Diabetes researcher Helena Elding Larsson wants to prevent type 1 diabetes from developing
Since Helena Elding Larsson began her career as a diabetes researcher and paediatrician, she has seen many improvements in the care of patients with diabetes. Her own research focuses on the prevention of the development of type 1 diabetes. Helena Elding Larsson is this year’s recipient of the Medeon stipend, and she will be speaking at the World Diabetes Day Skåne event, in Malmö on November 12th.
As a diabetes researcher at Lund University Diabetes Centre (LUDC), a paediatrician, and head of the pediatric department at Skåne University Hospital, Helena Elding Larsson has met many children with type 1 diabetes. In the last few years, there have been major technological developments in diabetes care that make it possible to monitor changes in blood glucose levels in a way that was previously not possible. However, for families with children who are diagnosed with type 1 diabetes, the adjustments are still extensive.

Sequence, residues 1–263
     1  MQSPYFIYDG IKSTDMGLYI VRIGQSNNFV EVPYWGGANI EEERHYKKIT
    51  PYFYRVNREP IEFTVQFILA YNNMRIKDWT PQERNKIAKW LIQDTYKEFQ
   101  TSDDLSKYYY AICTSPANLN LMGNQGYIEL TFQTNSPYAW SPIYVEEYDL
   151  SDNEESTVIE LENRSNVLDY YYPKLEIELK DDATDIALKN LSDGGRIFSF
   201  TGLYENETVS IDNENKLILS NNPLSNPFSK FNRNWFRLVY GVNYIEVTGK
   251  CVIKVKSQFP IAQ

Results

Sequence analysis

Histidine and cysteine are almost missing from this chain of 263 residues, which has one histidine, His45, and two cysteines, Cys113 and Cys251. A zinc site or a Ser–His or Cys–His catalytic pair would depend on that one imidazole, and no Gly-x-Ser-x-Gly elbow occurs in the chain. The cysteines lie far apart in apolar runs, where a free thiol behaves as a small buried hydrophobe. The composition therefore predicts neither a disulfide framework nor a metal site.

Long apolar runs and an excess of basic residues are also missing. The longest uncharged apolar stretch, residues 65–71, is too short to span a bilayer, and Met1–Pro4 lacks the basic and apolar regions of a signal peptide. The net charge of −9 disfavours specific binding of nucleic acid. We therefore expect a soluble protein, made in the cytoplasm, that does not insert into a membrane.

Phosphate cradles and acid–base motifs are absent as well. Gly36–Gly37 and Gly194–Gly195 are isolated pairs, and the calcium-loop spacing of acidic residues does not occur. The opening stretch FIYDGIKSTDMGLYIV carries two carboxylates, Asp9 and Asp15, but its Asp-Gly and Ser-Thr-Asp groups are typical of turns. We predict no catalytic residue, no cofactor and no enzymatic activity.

“Young children cannot monitor their blood sugar levels without the help of an adult. Many teenagers find it difficult to have type 1 diabetes, during a period of life where independence is very important. Some teenagers want to manage the disease entirely on their own, whilst others feel overwhelmed. Type 1 diabetes is also still associated with complications, despite all the recent medical advances,” says Helena Elding Larsson, adjunct professor in paediatrics at Lund University.
Helena Elding Larsson was recently awarded this year’s Medeon stipend for her contributions to the development of clinically applicable methods for the prediction and prevention of type 1 diabetes. Medeon Science Park together with Moll Wendén Law Firm annually award the Medeon stipend of SEK 50,000 to a researcher at LUDC. The stipend will be presented in connection with World Diabetes Day Skåne on November 12th.
Switching on the immune defence